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6 Tips for First Time Tax Filers

7 Tips for First Time Tax Filers - TaxAct Blog

There’s a good chance you’ve heard people complain about having to file their taxes. And perhaps you’re a bit intimidated as a result.

But, filing your taxes for the first time probably isn’t as bad as you think. Most first time tax filers just need to learn a few tax filing basics.

Here are a few tips to help you get through your first tax season stress-free:

1. Start collecting tax information early.

One of the biggest frustrations when it comes to filing your taxes is locating the necessary documents and receipts received throughout the year. When you suddenly can’t remember where you put the receipt for those medical expenses you had last summer, preparing your taxes quickly becomes a stressful task.

However, if you take a little extra time to plan ahead, you can make your life a lot easier.

You don’t need a showcase filing system to keep good track of your tax information. A simple file or box will do. The important thing is to make sure it all lands where you can easily find it later. Don’t put anything else in this file or box. You’ll save yourself a lot of sorting later.

Start by saving receipts for expenses related to tax deductions and credits in a safe place throughout the year. If you’re self-employed, be sure to save receipts for all business expenses – both big and small.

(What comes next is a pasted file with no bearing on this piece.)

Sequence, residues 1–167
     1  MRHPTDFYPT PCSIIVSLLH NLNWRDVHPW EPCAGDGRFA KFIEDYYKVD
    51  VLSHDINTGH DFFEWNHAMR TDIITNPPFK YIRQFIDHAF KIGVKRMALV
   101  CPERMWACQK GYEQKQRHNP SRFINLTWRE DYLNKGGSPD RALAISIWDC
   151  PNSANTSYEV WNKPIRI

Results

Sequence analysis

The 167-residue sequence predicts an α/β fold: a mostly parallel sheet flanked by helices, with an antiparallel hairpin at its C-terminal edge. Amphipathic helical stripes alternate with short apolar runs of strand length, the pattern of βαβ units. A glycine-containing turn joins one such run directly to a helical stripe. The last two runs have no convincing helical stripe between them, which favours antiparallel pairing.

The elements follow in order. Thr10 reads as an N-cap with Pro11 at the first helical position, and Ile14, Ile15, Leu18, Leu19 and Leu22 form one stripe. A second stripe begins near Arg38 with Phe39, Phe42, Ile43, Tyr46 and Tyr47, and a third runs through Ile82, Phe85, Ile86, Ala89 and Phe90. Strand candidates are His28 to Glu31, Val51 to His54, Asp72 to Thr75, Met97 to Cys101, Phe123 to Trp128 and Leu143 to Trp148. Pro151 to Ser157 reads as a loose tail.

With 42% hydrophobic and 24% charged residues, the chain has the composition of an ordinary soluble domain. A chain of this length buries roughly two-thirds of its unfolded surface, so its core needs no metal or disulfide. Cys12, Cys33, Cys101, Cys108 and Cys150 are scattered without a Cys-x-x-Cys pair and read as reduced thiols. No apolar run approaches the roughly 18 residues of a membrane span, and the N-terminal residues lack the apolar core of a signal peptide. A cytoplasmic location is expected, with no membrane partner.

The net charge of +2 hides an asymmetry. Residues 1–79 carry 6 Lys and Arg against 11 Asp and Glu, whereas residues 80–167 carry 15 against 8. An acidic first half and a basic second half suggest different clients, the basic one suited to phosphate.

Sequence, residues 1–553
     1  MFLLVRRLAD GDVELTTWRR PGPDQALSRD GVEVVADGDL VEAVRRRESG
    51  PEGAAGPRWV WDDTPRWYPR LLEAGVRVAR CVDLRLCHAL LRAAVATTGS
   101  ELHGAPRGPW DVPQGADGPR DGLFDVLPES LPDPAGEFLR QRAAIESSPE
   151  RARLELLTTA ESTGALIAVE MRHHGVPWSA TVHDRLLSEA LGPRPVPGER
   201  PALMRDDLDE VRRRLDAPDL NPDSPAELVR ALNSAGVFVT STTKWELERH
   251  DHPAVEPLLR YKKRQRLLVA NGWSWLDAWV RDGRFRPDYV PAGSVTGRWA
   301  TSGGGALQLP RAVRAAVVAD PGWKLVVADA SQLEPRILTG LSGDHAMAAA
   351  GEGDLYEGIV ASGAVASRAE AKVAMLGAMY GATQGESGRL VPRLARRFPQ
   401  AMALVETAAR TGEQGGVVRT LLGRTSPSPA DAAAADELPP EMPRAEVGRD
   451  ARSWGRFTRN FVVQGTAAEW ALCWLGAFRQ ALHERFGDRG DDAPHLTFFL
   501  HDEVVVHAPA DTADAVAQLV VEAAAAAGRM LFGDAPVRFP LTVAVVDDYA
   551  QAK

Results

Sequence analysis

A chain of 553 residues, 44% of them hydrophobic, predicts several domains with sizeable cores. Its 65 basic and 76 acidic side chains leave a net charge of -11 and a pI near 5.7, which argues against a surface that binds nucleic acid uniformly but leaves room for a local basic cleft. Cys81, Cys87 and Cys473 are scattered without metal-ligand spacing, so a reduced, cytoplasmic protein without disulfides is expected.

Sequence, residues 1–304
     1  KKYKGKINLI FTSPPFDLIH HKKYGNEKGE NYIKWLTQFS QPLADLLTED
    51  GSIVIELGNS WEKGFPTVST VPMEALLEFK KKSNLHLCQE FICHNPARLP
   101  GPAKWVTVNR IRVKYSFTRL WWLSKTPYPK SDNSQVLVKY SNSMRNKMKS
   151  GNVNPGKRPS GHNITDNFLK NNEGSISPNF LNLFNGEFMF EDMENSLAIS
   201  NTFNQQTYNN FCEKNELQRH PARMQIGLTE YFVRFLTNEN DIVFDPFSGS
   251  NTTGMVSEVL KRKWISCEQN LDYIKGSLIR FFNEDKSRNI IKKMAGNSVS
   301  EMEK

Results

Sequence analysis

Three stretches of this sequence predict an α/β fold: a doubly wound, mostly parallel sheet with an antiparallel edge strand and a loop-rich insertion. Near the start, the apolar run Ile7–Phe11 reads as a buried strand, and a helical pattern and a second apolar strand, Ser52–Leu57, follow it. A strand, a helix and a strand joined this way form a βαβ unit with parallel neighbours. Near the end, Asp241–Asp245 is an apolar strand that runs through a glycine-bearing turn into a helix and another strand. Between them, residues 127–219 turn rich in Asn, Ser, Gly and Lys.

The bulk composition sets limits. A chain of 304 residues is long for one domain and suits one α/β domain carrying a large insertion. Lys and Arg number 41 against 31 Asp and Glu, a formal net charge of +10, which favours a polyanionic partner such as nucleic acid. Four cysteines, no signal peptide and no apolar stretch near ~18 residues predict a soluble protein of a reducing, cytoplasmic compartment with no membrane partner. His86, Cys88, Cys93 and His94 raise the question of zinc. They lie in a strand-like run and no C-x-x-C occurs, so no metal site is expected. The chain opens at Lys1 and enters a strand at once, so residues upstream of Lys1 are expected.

Be careful not to overlook items such as printer ink, parking and tolls related to business, and other expenses. Keep a notebook or track your business mileage electronically.

Business expenses reduce your self-employment tax, as well as your income tax, so you don’t want to miss any of them.

As your tax information documents start arriving in January, drop them in your tax file or box immediately. Try not to let them land on the counter top or any other place where they might get misplaced.

2. Organize your information.

Organizing your tax information can be as simple as putting your W-4 forms in one pile, your other income in the next pile and possible deductible expenses in a third.

If you have a small business or other self-employment income, do yourself a favor and make a list or spreadsheet of business income and expenses. Don’t forget to organize information for possible credits, such as the Child and Dependent Care Credit.

Once your information is organized, the rest is easy. When choosing to use TaxAct as your tax preparation solution, you can easily prepare and file your federal and state returns by simply answering a few questions as you go.

3. Figure out if you are a dependent of someone else.

One of the most important details you need to know before you file your tax return is whether or not you are classified as a dependent.

Did your parents pay more than half your expenses this past year? If so, you are generally considered their dependent for tax purposes. As a result, your parents are able take a $4,050 dependency exemption (in 2016) for having you as a dependent. In that case, you cannot take the exemption on your return for yourself.